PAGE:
According to Mary Scully, a long-time activist in the labour, socialist, and social movements, in her acceptance speech in 1992, Aung San Suu Kyi spoke of her Buddhist commitment to nonviolence, of solidarity with those suffering injustice, of the corrupting influence of fear in standing against repression and the power of human kindness. That was also the year the military junta unleashed a wave of terror and ethnic cleansing against Rohingya Muslims in Arakan state.”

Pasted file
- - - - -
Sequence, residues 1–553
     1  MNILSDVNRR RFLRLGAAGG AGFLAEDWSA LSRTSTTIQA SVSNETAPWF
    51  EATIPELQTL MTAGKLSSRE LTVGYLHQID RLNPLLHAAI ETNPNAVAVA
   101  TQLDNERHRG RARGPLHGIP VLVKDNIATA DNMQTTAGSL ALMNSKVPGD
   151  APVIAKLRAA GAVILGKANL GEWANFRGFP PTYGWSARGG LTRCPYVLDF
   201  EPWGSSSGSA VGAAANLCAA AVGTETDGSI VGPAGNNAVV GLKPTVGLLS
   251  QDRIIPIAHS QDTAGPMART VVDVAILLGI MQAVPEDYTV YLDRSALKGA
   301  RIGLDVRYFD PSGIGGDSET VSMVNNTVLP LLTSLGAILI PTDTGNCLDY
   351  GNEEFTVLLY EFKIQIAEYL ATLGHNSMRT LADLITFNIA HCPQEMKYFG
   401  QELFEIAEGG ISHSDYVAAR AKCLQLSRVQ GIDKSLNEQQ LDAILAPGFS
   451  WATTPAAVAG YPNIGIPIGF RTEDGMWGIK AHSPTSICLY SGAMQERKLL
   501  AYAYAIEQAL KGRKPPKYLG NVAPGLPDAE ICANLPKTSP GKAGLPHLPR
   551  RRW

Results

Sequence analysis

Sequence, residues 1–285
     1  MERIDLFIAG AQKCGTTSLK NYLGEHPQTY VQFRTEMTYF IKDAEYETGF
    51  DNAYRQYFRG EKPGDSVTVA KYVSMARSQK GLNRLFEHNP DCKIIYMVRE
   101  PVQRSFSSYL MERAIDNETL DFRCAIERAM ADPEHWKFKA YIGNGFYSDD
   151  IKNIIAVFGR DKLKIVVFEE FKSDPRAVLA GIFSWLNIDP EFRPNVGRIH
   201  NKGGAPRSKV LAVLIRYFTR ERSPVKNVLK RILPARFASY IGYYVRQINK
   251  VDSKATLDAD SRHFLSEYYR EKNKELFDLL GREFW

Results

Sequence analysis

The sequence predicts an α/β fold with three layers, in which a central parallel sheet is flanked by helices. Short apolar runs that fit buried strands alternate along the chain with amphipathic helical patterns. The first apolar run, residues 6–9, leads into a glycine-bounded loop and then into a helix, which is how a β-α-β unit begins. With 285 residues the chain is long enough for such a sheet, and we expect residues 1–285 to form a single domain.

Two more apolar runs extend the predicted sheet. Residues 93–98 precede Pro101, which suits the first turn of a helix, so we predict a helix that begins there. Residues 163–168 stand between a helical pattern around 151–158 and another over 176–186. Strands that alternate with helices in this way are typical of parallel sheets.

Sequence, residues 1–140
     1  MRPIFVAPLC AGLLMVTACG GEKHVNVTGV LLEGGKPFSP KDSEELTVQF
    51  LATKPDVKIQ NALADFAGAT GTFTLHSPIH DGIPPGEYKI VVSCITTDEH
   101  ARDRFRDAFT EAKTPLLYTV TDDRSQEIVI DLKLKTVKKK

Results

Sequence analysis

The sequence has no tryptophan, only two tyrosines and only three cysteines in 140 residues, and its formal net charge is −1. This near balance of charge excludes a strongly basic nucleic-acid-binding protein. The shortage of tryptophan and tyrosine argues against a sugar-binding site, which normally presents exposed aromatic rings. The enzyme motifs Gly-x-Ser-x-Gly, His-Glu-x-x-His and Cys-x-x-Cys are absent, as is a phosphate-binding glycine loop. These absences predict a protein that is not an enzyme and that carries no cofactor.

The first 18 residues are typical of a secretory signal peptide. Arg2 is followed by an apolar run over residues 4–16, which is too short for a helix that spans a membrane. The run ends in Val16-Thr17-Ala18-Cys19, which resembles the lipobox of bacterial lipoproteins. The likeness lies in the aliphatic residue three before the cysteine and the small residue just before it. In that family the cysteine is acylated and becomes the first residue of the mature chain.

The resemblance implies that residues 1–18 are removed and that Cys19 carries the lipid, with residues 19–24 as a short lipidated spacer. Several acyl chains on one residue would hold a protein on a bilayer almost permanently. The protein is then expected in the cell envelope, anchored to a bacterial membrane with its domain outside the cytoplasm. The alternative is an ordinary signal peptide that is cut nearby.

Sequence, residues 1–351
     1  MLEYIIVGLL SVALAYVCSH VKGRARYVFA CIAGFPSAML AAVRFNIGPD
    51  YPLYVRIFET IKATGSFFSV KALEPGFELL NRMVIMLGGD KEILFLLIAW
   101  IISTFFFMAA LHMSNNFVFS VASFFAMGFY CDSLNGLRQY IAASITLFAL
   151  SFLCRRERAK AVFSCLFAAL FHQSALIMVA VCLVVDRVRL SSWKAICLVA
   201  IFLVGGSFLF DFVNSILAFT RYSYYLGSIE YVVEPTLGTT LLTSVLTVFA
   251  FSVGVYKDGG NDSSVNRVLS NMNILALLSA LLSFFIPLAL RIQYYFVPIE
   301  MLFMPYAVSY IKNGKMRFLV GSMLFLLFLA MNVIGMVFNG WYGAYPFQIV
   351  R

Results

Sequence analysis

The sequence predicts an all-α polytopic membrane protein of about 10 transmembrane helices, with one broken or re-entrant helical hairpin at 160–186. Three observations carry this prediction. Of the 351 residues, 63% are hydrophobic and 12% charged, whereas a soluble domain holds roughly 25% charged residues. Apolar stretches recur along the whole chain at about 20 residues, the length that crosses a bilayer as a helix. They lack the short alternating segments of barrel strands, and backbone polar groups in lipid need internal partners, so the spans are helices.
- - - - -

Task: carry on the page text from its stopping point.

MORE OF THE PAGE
“The 2012 campaign forced tens of thousands of Rohingya to flee for their lives to Bangladesh or across the Andaman Sea to Thailand. The Rohingya genocide became internationally infamous when Bangladesh closed its borders and refused entry and when Thailand took unsound boats of refugees out to sea and abandoned them. When again in 2015 thousands of Rohingya were stranded in boats off Thailand and Indonesia, not allowed to land, the plight of Rohingya became an international human rights cause.” “Through all this, Suu Kyi remained in silent collusion or spoke in equivocations but now openly sides with the junta against the Rohingya.”